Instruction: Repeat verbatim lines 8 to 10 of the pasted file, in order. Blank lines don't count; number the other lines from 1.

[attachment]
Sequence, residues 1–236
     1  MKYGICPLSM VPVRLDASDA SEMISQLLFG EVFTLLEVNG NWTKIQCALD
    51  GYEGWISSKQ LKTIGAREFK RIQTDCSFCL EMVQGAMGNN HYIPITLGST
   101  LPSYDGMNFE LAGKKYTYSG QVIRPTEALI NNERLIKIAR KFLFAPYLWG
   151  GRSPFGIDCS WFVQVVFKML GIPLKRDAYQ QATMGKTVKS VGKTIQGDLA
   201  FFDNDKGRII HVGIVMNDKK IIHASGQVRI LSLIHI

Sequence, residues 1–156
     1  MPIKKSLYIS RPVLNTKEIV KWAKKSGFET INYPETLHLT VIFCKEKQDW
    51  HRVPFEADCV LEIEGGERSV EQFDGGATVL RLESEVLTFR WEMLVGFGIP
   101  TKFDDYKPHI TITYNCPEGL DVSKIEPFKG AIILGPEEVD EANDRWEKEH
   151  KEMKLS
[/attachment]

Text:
     1  MPIKKSLYIS RPVLNTKEIV KWAKKSGFET INYPETLHLT VIFCKEKQDW
    51  HRVPFEADCV LEIEGGERSV EQFDGGATVL RLESEVLTFR WEMLVGFGIP
   101  TKFDDYKPHI TITYNCPEGL DVSKIEPFKG AIILGPEEVD EANDRWEKEH